In December of 2003, thinking I was a pretty hot skier, I signed myself up for a CSIA (Canadian Ski Instructors Alliance) Level I ski instructor certification course. How I heard of this course I still couldn’t tell you but, like most young adults, I was enthralled about the prospect of not having to pay for a ski pass, that winter. While I was a competent skier, it became pretty clear that I was just not on the same level as the former racers, race coaches, and junior instructors I was lumped in with. I improved my skill-set immensely during that three day course but, alas, it was not enough to pass the certification; a major blow to my ego.
I was hurt. I had heard that passing your “Level I” was easy-peasy and yet here I was looking in from the outside; “People don’t fail their Level I”, I had heard. Like a spoiled, 18 year old kid would, I sought to lay blame. In my mind I concocted that the gentlemen who delivered my course, a former golf pro who I knew wasn’t my biggest fan, had failed me intentionally; vengeance of sorts. For a few weeks, I swore off the sport and decided that these “uppity” ski folks wouldn’t have the pleasure of having me in involved in their “club”.
As the weeks passed I slowly chose the high road and, determined to pass a spring re-test, continued to brush up on my skill set; those negative feelings beginning to vanish. I no longer subscribed to the conspiracy theory that I had originally made up, in my own mind, and was beginning to progress with my skiing technique. Perhaps not surprisingly, after a few months of consciously working on my skiing, I ended up passing my Level I and officially joined the the brethren of ski instructors. Ego intact, I looked west to the real mountains, with my eyes on my first solo ski trip.
In late April of 2004, as a young man fresh off my first year of university, my eyes were opened to the magical world that is western North American skiing and snowboarding. While this wasn’t the first time I had been on a ski trip, it did mark my first solo trip to western North America (Whistler Blackcomb specifically) where I was exposed to the, so-called “Disneyland of Skiing”. It was this 10 day trip, skinny skis and all, that continued to unearth my primary passion and part of the very essence of my being; a relentless pursuit of sliding, on two planks, on snowy slopes.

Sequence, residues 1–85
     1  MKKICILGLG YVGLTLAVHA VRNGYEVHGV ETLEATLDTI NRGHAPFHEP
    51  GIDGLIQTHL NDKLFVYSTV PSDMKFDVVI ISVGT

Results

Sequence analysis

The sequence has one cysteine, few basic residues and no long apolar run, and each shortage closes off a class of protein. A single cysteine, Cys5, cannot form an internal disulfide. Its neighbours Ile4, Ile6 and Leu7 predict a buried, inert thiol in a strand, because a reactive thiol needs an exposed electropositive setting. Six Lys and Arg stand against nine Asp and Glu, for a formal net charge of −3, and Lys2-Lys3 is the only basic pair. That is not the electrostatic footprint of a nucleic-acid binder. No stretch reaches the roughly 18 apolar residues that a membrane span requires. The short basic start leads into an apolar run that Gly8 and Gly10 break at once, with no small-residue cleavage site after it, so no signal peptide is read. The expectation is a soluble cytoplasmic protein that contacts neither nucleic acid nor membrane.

I’ve reflected many times on that trip and still have difficulty pinpointing exactly what it was that made me say “this is what I want for my life”. Certainly it didn’t hurt that I arrived in Whistler as a young 18 your old boy, in the midst of the greatest spring parties that the industry has to offer, but there was more to it than that for me. At that point in my life a drop of alcohol had still never passed by my lips, but I was just in awe of the “vibe” that surrounded the village; the mountains. While there was no doubt that half the people I encountered were definitely “lit”, I fell in love with the fun-loving and “free” feeling associated with the ski industry and the freedom that skiing above treeline provided.
While it was mostly about the feeling I got when I was on top of the snowiest peaks, skiing brought together some of the finest elements of life; sharing in the camaraderie of others while riding the lift, the solitude on days where you didn’t want to make friends, the freedom associated with skiing alpine chutes and bowls, and apres-ski; you can’t forget about apres-ski! To this very day I continue to revel in the feelings of, both insignificance and accomplishment that come with being in the mountains; insignificance in terms of the fact that you are but a very small speck amongst towering peaks and accomplishment in terms of the great deal of effort and energy it takes to scale such great peaks, or to “tame” them while sliding on two planks.
The decision to pursue a career in the snow-sports industry, and to make skiing a focal point in my life, certainly didn’t happen all at once. Being involved in skiing and snowboarding, as a career, was something I never envisioned immersing myself within through any of my middle or high school years. While my childhood was filled with fond, local ski area memories (and the occasional family trip), it was also intermingled with (and often usurped by) Canada’s favorite winter past time (hockey of course). Skiing was merely a past time and, as far as sports went, hockey reigned supreme. Besides, I was destined to be a part of the family forestry business. While never forced or coerced into this belief, I simply thought it was destined to be.
Key influencers were soon to emerge, in my life, which would further shape my snowy career path and hockey, along with golf, were slowly being pushed to the fringe of my life in favour of hiking, skiing, and dating. Little did I know that one of my great adult lessons of failure, and the growth that it provided, would set the stage for what was next.
Next Week – “In for a pair of skis and out with a job.”